Answer: With Orthodox Lent beginning March 10, this is a timely question. The short answer to your question: olive oil and wine are treated similarly on the church calendar, though not totally equal. Wine is used for Holy Communion, so it is allowed more frequently. The initial restriction on olive oil and wine is because they were stored in pouches made of animal skins. During fast periods, we are to give the servile animals a rest from their labor so that they may honor God. Therefore we don’t eat anything from animals with blood (flesh meats and dairy products), or made from animals (the wine and oil skins).
Today, wine and oil are not stored in animal hide, so that aspect of the restriction is now delegated to tradition. However, the secondary aspect of both wine and oil call for their restrictions during the Great Fast. Wine “gladdens the heart”, and too much wine can cause inebriation. Oil is high in fat, and thus can satiate or fill your belly, leading to sluggishness and satisfaction. In The Lenten Triodion, we read;
The primary aim of fasting is to make us conscious of our dependence upon God. If practiced seriously, the Lenten abstinence from food - particularly in the opening days - involves a considerable measure of real hunger, and also a feeling of tiredness and physical exhaustion. The purpose of this is to lead us in turn to a sense of inward brokenness and contrition; to bring us, that is, to the point where we appreciate the full force of Christ’s statement, ‘Without Me you an do nothing’ (John 15:5).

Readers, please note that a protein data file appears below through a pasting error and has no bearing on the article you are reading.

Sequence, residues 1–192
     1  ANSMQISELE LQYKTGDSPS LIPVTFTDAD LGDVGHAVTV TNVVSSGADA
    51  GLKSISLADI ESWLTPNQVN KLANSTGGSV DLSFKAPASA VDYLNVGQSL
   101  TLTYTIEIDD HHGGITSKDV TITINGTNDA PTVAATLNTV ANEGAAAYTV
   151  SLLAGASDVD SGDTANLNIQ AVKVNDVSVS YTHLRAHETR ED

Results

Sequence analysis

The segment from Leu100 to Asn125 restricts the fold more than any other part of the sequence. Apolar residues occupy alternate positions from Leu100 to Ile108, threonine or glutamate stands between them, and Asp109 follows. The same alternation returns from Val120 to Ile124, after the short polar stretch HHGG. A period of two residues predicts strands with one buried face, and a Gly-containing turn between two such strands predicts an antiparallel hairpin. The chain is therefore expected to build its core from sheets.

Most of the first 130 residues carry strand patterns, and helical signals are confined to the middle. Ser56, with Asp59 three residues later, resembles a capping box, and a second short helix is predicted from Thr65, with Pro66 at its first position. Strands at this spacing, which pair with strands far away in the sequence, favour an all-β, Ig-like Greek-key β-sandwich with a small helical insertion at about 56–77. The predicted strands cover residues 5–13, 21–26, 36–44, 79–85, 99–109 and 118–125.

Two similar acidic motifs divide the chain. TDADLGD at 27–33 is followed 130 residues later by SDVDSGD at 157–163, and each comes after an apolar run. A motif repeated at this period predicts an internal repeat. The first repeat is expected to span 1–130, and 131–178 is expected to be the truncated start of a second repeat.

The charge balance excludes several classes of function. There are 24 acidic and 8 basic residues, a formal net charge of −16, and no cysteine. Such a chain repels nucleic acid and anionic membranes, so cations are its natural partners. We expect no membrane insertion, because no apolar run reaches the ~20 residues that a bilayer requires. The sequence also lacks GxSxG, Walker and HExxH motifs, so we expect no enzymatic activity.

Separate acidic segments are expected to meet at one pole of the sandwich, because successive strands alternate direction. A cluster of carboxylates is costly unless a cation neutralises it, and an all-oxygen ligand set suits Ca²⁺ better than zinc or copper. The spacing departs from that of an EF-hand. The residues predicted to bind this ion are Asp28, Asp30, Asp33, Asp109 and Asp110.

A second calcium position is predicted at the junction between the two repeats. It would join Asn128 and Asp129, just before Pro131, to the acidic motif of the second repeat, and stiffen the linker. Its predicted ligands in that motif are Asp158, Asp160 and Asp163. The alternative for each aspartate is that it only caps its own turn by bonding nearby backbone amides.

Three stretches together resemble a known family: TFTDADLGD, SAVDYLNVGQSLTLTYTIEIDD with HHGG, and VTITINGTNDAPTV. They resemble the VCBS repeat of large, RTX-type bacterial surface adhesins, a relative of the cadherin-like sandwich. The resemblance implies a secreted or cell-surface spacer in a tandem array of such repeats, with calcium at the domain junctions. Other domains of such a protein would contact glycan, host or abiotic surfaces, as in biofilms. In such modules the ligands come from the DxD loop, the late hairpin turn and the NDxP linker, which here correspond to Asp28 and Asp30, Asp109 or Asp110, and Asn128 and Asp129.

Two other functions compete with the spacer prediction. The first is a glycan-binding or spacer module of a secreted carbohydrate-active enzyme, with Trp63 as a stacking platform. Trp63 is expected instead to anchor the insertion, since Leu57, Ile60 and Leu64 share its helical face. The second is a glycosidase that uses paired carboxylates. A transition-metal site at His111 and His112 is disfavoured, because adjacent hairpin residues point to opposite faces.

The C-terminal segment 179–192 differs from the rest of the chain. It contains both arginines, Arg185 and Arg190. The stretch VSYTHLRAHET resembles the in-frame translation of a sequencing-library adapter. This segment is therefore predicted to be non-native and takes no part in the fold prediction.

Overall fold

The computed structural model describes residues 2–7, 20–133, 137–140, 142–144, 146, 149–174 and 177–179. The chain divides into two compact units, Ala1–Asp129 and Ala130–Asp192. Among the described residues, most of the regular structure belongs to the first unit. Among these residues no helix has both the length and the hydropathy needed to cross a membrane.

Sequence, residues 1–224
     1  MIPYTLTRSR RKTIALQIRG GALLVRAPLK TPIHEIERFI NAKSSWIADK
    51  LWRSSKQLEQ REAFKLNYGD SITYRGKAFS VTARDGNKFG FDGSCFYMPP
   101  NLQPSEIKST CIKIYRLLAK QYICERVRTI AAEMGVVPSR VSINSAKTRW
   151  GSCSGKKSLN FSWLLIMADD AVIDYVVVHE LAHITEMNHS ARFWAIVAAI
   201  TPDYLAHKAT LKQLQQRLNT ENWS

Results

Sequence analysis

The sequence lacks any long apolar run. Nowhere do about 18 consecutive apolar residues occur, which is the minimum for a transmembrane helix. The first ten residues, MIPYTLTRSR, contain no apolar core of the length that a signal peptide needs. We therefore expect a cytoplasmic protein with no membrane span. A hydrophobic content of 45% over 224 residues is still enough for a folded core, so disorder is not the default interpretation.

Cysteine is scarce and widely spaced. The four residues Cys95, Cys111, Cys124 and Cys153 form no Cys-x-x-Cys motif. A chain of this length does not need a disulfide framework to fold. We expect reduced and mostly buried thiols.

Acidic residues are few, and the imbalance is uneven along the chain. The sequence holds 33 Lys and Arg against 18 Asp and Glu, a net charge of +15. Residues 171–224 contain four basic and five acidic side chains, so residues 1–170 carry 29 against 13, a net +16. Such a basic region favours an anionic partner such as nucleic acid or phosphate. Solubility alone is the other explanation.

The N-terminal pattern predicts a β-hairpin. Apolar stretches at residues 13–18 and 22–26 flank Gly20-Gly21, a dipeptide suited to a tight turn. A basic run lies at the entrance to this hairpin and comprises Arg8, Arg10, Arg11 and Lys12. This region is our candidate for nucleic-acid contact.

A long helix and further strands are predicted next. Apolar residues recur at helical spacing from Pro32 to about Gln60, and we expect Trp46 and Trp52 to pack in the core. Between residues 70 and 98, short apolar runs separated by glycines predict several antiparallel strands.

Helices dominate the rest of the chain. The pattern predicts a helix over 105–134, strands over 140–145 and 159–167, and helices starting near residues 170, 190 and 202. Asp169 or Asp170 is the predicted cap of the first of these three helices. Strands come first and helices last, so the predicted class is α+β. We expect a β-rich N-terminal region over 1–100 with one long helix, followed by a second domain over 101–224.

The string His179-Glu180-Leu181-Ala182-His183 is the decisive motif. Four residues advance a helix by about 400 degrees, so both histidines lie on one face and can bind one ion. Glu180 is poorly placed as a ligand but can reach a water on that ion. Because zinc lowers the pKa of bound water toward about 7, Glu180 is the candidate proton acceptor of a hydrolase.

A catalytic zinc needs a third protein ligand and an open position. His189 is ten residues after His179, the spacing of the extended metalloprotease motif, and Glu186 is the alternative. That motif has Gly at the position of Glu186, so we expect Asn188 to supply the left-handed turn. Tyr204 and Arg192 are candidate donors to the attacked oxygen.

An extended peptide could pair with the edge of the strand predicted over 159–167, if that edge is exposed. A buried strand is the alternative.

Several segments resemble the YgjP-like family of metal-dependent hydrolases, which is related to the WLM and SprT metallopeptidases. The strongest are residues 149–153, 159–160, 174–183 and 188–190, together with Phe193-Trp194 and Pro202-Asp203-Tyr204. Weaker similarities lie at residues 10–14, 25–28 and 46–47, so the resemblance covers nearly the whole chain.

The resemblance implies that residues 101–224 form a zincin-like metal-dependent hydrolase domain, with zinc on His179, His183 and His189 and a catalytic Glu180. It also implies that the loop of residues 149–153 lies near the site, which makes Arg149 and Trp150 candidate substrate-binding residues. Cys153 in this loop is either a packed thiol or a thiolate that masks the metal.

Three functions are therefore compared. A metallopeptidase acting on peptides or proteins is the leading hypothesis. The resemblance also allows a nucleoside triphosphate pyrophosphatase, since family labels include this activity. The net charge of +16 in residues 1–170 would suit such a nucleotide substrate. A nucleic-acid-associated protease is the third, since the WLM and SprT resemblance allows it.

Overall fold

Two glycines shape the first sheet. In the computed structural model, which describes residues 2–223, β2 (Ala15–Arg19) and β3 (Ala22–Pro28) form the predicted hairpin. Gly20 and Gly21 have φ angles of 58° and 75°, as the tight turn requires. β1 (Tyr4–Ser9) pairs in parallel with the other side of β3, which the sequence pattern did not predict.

During Lent there is frequently a limitation on the number of meals eaten each day, but when a meal is permitted there is no restriction on the amount of food allowed. The Fathers simply state, as a guiding principle, that we should never eat to satiety (until we are full) but always rise from the table feeling that we could have taken more and that we are now ready for prayer.
If it is important not to overlook the physical requirements of fasting, it is even more important not to overlook its inward significance. Fasting is not a mere matter of diet. It is moral as well as physical. True fasting is to be converted in heart and will; it is to return to God, to come home like the Prodigal to our Father’s house... The fast should not be kept by mouth alone but also by the eye, the ear, the feet, the hands and all the members of the body... It is useless to fast from food, protests St. Basil, and yet to indulge in cruel criticism and slander: ‘You do not eat meat, but you devour your brother.’
So much for the ‘short’ answer. There is much more... Some years ago I put together some additional answers to questions about fasting. The article is not the full and complete response but merely some additional guidelines to consider. It is reprinted in full in this issue of The Vineyard.
Kali Sarakosti! Have a good Lent...